Bollywood dance choreographer Shiamak Davar denies sexual abuse allegations by two former male dancers

At The Times of India Film Awards (TOIFA) announcement in January 2013: (L-R) actress Chitrangada Singh, The Times of India’s A.P. Parigi, producer Karan Johar, Premier Christy Clark and choreographer Shiamak Davar.  Photo by Chandra Bodalia
At The Times of India Film Awards (TOIFA) announcement in January 2013: (L-R) actress Chitrangada Singh, The Times of India’s A.P. Parigi, producer Karan Johar, Premier Christy Clark and choreographer Shiamak Davar.
Photo by Chandra Bodalia

WORLD-FAMOUS Bollywood dance choreographer Shiamak Davar, 53, is facing sexual abuse allegations by former dancers Percy Shroff, 40, and Jimmy Mistry, 33, both of North Vancouver, who claim that they went through years of unwanted sexual touching by Davar and who they allege also misused his authority as their spiritual leader to control their personal relationships and lives.

But Davar denies the allegations contained in B.C. Supreme Court suits filed this week by the two dancers. He has filed a written response to the claims with B.C. Supreme Court.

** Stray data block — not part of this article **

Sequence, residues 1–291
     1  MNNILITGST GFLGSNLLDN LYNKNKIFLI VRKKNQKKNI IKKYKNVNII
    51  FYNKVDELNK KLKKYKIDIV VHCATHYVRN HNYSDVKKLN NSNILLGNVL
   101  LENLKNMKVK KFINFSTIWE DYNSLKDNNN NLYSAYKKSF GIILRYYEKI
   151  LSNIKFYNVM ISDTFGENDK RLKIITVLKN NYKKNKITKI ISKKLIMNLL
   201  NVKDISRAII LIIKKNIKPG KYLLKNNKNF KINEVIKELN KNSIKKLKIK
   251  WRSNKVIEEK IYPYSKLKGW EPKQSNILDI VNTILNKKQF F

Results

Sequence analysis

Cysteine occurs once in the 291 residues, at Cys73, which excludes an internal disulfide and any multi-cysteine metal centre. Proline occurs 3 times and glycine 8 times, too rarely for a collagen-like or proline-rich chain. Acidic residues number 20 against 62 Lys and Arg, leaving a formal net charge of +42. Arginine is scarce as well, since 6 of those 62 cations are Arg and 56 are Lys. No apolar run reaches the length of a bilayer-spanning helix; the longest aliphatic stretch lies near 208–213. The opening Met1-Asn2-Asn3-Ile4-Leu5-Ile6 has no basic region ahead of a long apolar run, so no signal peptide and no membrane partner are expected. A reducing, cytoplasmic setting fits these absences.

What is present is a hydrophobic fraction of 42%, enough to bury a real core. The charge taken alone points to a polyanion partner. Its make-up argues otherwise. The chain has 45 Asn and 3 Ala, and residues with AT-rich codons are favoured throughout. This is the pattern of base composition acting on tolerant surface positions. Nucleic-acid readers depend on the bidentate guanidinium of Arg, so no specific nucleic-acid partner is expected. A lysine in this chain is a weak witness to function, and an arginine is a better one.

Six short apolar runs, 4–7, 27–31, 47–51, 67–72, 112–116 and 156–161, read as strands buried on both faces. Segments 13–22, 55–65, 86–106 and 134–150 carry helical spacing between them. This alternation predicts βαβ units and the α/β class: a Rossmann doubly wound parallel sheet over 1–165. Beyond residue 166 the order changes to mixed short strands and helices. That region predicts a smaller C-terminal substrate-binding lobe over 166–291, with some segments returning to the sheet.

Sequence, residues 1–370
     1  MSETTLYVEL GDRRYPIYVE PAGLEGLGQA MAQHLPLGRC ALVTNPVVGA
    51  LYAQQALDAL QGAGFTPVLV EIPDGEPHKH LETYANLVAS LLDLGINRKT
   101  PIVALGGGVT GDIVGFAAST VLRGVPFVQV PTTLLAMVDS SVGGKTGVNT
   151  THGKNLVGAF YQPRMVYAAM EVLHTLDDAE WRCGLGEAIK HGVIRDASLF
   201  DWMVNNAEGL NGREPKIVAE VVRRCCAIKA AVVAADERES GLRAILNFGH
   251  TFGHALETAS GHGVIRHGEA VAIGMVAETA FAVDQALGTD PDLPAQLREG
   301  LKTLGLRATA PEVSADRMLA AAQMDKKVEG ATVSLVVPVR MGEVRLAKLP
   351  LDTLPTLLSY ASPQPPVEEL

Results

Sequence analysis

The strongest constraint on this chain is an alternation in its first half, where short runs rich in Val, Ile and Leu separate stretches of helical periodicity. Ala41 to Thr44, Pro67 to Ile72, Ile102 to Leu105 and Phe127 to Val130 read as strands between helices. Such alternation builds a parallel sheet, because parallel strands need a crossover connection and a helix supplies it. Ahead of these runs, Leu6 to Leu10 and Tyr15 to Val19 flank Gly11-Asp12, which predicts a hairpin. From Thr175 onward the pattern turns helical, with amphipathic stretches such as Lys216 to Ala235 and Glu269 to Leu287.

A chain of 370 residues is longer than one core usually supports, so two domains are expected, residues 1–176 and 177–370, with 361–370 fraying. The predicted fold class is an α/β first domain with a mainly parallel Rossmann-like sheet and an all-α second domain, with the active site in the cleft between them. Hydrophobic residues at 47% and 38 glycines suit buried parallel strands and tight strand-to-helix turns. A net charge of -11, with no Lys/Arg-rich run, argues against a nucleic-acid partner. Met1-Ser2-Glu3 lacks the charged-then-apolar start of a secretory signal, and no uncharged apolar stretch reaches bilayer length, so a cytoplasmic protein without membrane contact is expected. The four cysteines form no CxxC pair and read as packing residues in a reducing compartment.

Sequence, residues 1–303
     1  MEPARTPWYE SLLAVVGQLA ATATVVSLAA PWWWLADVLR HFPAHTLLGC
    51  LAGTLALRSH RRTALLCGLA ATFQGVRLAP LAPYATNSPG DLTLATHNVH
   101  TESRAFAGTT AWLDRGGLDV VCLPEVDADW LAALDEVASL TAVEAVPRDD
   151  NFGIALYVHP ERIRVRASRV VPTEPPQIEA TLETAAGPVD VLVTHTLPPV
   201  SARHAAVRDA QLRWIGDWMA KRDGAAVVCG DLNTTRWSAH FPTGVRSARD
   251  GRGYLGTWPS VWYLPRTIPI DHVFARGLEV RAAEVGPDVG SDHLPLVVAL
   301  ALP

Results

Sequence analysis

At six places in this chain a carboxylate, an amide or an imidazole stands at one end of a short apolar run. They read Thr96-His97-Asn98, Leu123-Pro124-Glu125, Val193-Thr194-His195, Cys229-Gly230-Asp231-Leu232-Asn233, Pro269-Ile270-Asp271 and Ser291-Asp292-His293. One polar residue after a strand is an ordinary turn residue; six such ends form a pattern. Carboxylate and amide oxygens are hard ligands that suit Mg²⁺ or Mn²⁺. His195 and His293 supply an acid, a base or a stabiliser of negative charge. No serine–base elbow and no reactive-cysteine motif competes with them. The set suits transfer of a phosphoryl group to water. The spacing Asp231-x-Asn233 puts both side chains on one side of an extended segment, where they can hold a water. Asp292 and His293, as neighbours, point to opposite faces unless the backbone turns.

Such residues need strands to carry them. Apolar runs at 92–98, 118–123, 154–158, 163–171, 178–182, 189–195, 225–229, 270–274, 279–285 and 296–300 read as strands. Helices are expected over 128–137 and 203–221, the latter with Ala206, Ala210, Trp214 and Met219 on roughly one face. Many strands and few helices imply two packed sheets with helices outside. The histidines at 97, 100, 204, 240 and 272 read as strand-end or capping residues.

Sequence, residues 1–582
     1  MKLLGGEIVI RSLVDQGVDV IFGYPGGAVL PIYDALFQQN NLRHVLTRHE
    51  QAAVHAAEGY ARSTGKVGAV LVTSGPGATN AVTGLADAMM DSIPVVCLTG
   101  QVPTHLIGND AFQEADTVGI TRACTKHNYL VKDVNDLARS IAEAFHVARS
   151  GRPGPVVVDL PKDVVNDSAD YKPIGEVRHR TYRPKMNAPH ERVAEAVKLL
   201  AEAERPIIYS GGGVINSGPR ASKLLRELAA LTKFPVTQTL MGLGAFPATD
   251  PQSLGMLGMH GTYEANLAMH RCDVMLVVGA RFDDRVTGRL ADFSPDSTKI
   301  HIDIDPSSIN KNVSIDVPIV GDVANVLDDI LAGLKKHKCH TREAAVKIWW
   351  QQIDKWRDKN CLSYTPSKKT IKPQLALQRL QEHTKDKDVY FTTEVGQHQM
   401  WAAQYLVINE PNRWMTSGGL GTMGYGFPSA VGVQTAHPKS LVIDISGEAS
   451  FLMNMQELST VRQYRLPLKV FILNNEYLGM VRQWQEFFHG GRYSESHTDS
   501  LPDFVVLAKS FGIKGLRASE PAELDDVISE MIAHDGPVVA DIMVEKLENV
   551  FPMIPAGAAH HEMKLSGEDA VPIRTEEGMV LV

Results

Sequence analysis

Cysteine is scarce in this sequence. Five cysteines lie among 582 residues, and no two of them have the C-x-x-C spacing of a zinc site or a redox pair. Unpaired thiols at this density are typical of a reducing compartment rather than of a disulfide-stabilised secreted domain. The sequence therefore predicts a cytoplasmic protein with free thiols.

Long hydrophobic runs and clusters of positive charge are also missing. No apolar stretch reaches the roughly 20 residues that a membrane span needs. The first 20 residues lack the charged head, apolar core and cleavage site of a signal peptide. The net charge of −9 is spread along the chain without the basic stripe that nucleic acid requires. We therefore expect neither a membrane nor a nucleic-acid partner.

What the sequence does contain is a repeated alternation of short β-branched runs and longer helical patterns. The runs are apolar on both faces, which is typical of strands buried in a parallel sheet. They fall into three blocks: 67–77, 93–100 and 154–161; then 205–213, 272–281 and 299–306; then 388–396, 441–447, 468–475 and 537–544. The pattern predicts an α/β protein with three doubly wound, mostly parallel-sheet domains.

Davar said in a statement on Thursday: “I am shocked by these allegations and deny them completely. I will not be intimidated into silence and will defend myself vigorously in court. I have total faith in the justice system of British Columbia that my name shall be cleared on all accounts.”

He claims the two former dancers are trying to ruin “his character, reputation and affiliated organizations.”

Mistry and Shroff met Davar through a dance school he operated in Mumbai, India, in the 1990s when they were teens.

They allege in their suits that they were singled out for special treatment by the choreographer and became members of a religious sect led by Davar.

They say that Davar treated a small group of dancers, mostly boys, to special outings after rehearsals, and that they were praised and touched in a “flirtatious way” by him.

Mistry’s suit alleges Davar often invited male students over to his private home to watch movies and “he would lie on the bed in his underwear and take someone’s hand, including the plaintiff’s, and put it on his underwear over his p—s.”

Because he considered Davar to be his spiritual leader, he did not question the defendant’s actions or motives, he alleges.

Shroff says that Davar used to hug and kiss him. Then he phoned him one day to tell him: “I know your secret.” The suit says: “The plaintiff was stunned. He was young and was not yet conscious of being gay.” Davar then started making bolder advances toward him.

Both the former dancers moved to a North Vancouver neighbourhood because it was believed to be safe from the “imminent apocalypse.” They allege Davar is a leader of a sect called VRRP Spiritual Learning group. ​VRRP follows the teachings of Khorsheed Bhavnagari, who wrote The Laws of the Spirit World, in which she claimed her two dead sons communicated with her.

The two dancers are suing for various damages. None of the claims have been proven in court.